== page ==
It’s quite difficult to ignore the promise of ‘100 per cent returns’ in just two years. Especially, when relatives, neighbours and colleagues seem to have benefited by investing in these schemes. But millions of Indian investors, time and again, have learnt this lesson – Ponzi schemes don’t last for too long.
Yet, they continue to dabble with risky schemes. With the market regulator, Securities and Exchange Board of India (Sebi) launching yet another investigation – this time, into goat-rearing farms in Northern India that are promising spectacular returns, this is perhaps the nth time that retail investors have lost money.
There are always some tell-tale signs of a Ponzi scheme. For one, the idea itself is very innovative and too complex to understand. In recent years, with the Rs 500-crore plus Emu (an Australian bird) in Kerela and goats scams, the ‘animal instincts’ of fraudsters are in vogue. In the 1990s, plantation of teak wood, grapes etc snared thousands of people.
The most important sign is spectacular returns. The Emu offer: Invest Rs 1.5 lakh for three pairs of Emu chicks which would return Rs 3.34 lakh – over 100 per cent in just two years. The goat-rearing scheme is also quite similar. There are many others such schemes like gold trading and multi-level marketing.
Often, returns are guaranteed – a clear sign to worry because except a bank fixed deposit, it is quite difficult to generate definite returns from any instrument. Whether it is equities or property or gold, it is quite impossible to give guaranteed returns.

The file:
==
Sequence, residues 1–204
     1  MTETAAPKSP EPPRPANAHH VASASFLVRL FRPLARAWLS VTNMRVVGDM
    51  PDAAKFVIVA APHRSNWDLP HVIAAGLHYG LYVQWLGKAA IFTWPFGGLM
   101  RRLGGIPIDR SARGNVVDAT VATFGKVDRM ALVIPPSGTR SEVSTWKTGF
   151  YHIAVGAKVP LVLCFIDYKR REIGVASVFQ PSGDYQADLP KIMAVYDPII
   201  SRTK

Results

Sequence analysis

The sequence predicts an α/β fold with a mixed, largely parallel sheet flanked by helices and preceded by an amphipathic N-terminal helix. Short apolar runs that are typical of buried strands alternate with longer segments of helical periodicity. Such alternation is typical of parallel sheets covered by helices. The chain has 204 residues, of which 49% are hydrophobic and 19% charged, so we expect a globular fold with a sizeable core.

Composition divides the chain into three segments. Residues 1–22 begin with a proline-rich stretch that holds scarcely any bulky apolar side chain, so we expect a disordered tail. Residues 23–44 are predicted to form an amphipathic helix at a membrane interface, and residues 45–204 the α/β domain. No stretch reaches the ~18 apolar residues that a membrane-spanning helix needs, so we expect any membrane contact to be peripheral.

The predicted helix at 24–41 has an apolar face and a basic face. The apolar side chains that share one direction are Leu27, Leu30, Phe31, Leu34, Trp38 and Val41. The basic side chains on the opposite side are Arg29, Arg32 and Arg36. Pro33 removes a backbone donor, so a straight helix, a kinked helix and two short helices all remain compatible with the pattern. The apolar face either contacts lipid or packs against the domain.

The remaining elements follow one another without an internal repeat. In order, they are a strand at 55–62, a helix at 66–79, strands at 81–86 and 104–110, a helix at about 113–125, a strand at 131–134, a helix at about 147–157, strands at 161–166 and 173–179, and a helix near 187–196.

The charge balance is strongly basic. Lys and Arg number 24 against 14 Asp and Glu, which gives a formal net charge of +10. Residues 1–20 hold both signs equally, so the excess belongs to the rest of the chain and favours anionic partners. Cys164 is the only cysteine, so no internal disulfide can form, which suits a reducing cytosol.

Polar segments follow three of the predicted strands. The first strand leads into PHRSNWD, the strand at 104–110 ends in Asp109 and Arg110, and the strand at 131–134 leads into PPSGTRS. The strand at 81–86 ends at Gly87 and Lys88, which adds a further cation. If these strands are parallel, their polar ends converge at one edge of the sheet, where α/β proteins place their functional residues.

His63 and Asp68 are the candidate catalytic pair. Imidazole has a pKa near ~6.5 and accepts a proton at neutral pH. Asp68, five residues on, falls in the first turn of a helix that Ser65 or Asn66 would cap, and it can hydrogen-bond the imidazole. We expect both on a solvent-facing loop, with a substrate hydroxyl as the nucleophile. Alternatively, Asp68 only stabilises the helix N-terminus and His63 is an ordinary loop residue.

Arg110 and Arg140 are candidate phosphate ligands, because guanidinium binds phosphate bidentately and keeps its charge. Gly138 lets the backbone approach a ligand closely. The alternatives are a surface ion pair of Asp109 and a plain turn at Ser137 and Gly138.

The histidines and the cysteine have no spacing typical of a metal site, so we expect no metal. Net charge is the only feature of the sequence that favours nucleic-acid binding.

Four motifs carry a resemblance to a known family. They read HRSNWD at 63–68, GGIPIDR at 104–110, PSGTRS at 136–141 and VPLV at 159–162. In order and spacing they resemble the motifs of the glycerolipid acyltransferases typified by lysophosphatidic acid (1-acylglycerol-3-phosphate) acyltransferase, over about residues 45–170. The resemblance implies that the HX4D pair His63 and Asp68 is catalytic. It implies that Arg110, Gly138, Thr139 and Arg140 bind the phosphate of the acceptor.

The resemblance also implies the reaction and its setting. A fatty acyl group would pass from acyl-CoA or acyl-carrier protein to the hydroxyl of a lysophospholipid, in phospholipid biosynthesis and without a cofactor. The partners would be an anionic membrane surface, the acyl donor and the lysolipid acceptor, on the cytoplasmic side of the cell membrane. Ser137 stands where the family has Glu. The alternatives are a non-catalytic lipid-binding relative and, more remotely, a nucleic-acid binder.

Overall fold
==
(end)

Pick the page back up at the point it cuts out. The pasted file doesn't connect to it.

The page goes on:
Then, the selling technique is quite unique. Often, it involves testimonies of people who have benefitted from these schemes. Word of mouth is the important tool for these companies. So, sellers of these products will often ask you to be their ambassador to promote their schemes. And there are benefits such as, more amount or gifts, as well if you get in more investments.
Often, if you ask too many questions about the scheme, the seller fails to explain. Instead he gives examples of people who benefited from the schemes.
In the US, the Securities and Exchange Commission’s website dedicates a full page on this subject where it describes what Ponzi schemes are, how do they collapse and what are some of the ‘red flags’?
In India, many of these schemes end up getting lost in the regulatory red tape. While Sebi is the regulatory authority of collective investment schemes, multi-level marketing schemes do not fall under it or any other regulator’s purview. As a result, such companies flourish in the absence of regulatory oversight.
Worse still, even if someone wants to approach consumer courts, there is a huge backlog. And that’s not all. Like consumer lawyer Jehangir Gai says, “Around 50 per cent – 20 out of 43 consumer courts – are not functioning in Maharashtra for the past six months because of delays in the selection process.”
So, there is little one can do, if they have invested in such schemes. As they say, prevention is better than cure...